For many years, doctors, dietitians, and other healthcare experts have preached the dangers of fat. However, in recent years with the growing popularity of low-carb high-fat diets, researchers are discovering that fat isn’t the enemy. In fact, fat is important for overall body wellness. Fats provide essential fatty acids that our bodies can’t make themselves, and they help us absorb key fat-soluble vitamins and nutrients.

Furthermore, the way of eating we recommend at MealMD teaches your body to burn fat for fuel instead of carbs (sugars). Other benefits like weight loss and increased insulin sensitivity are just part of the deal!

Types of Fats To Look For

There are three key fats that make up the bulk of your calories when following a low-carb meal plan. Those three are monosaturated fats, polyunsaturated fats, and saturated fats. Let’s look at these a little more closely to get a better understanding of what they are and how they affect our bodies.

Monosaturated Fats

Not all fats are created equal and monosaturated fats are a prime example of that at work. These are the “good fats” you always hear everyone talking about. The benefits of monosaturated fats include the balancing of good cholesterol vs bad cholesterol, as well as the reduced risk of heart disease, and cancer. Additionally, studies focused on monosaturated fats also discovered that foods rich in this sort of fat can improve insulin sensitivity and reduce inflammation.

Polyunsaturated Fats

Polyunsaturated fats (or PUFAs) are found commonly in plant and animal-based food sources. Fish like salmon, nuts, seeds, and some vegetable oils are rich in polyunsaturated fats. As we mentioned, our bodies can’t produce fatty acids on their own. That’s where PUFAs come in. Many food sources containing this kind of fat provide us with our Omega-3s and Omega-6s. These produce a variety of health benefits including heart health, balancing of cholesterol, lower blood pressure, reduced risk of diabetes, and overall better blood sugar levels.

Saturated Fats

Saturated fats have gotten a pretty bad wrap over the years, but new studies suggest that saturated fats like those found in red meat (beef, lamb, etc) may actually be good for you! Research shows that there may be a link to saturated fats and improved HDL to LDL ratios, immune health, bone density health, and hormone levels.

Fats to Avoid

Unfortunately, not all fat is good fat. Highly processed trans fats and vegetable oils commonly found in some of America’s favorite foods cause weight gain, increased risk of heart disease, and a slew of other nasty side effects. Food producers and restaurants use trans fats in a variety of ways. Candies, cakes, chips, and other fan favorites usually include trans fats as a means of making their food shelf-stable. There’s a reason they say snack cakes will outlast all of us—they’re full of transfats and preservatives.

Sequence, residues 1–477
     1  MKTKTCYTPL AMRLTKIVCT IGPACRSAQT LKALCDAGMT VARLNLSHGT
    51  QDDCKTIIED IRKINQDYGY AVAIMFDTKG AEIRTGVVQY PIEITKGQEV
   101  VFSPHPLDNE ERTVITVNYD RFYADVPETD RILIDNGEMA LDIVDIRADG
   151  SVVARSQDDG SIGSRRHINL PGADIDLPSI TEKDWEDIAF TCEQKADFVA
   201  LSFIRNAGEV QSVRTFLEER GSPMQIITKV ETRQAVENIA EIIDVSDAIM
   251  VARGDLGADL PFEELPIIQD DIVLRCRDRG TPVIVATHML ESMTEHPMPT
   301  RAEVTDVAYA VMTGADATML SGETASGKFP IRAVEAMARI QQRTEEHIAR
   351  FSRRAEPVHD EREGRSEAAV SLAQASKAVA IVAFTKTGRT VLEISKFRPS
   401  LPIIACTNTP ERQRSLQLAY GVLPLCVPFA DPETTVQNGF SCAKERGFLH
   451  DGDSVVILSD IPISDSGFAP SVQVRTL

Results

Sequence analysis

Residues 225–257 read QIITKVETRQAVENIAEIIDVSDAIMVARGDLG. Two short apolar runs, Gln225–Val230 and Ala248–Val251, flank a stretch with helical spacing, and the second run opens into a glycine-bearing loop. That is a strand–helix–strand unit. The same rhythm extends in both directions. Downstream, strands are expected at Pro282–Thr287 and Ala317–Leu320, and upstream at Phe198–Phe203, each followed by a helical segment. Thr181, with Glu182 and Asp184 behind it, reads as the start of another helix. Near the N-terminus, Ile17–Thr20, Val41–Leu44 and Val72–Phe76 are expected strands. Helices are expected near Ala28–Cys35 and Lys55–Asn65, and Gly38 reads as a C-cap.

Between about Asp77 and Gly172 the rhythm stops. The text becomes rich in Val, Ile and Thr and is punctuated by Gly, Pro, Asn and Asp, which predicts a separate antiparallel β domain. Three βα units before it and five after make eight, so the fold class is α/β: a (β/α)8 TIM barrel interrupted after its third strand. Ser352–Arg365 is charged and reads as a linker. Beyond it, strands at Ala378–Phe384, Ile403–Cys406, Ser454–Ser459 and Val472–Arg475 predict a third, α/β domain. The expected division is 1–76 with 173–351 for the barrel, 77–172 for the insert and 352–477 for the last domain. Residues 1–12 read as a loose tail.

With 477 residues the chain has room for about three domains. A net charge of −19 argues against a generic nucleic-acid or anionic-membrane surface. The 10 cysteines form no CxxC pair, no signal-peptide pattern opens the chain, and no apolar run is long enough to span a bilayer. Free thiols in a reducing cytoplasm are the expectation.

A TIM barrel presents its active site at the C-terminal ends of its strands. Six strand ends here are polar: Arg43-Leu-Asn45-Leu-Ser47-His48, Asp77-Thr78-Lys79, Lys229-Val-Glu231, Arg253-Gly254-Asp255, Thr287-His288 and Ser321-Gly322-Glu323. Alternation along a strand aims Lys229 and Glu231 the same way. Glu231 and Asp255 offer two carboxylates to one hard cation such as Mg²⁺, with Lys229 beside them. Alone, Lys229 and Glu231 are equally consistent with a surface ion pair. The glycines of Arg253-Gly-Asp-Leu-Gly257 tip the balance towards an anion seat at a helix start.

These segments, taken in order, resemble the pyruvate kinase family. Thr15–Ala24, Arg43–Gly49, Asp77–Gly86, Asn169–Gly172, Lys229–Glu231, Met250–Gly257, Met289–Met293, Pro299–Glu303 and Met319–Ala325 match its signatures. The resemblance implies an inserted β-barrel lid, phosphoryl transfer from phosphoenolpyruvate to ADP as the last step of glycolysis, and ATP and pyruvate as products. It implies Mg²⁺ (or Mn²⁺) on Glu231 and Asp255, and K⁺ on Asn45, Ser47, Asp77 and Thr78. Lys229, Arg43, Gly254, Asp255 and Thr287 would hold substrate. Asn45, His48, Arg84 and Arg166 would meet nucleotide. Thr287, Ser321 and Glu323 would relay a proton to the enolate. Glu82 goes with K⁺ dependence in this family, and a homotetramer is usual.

Good Fat Foods

Believe it or not, low-carb, high fat, moderate protein diets allow for a lot of foods that traditional diets don’t. You might even be surprised by some of the items in our following list.


Eggs are among some of the most nutritious foods in the world. They’re low calorie, filling, and come jam-packed with a huge list of vitamins and other nutrients like vitamin A, B5, B12, and B2, as well as selenium, folate, and phosphorus. It’s hard to go wrong when eating an egg. Add them as a side dish, or boil them and eat them with a little salt. They truly are an incredible, edible superfood!


Butter is another fat with a troubled past, but it’s perfect for a low-carb lifestyle. Recent studies suggest there is a minimal link between butter and heart health. It’s carb-free, and most butter is around 80% fat. Interestingly, it’s also a food rich in butyrate which promotes brain health.

Fatty Meats

Do you love bacon? Want to eat steak and eggs for breakfast? How about a perfectly fried piece of salmon? Fatty meats are the cornerstone of the low-carb way of eating. Not only do they provide protein, but they also help you reach your fat macronutrient requirements for the day. So go ahead, take that next piece of bacon!

Coconut, Avocado, Olives, and Seeds

Not only are these foods great in their natural forms, but their oil versions are also the better alternative when it comes to cooking fats. In combination, they’re great sources of all three of the good kinds of fat. Additionally, they can be used as side dishes or on their own.

Bad Fat Foods

As we mentioned, not all fats are good for you. Foods high in trans fats are usually high in carbs, sugar, and other preservatives which are all things you want to avoid if you’re doing a low-carb meal plan. These snacks include items like cakes, cookies, crackers, chips, and other shelf-stabled favorites. When you’re grocery shopping, it’s important to look at the labels. Check the nutritional boxes on the sides of the packaging to get a better idea of how much trans fat your favorite pastry packs, then consider a healthier alternative.

That doesn’t mean that sweets are off the menu when you’re eating low carb, you just need to pick the right ones. There are many delicious sugar substitutes to choose from that are better for you and work great in a variety of recipes!

See The MealMD Difference

If you’re ready to start looking better, feeling better, and regaining control of your overall health, MealMD is the chef-prepared, doctor-prescribed health and wellness meal plan for you. We provide three meals a day, six days a week that require minimal preparation. That means you get perfectly nutritious meals without the fuss. We take the guesswork out of eating right. Reach out to get started!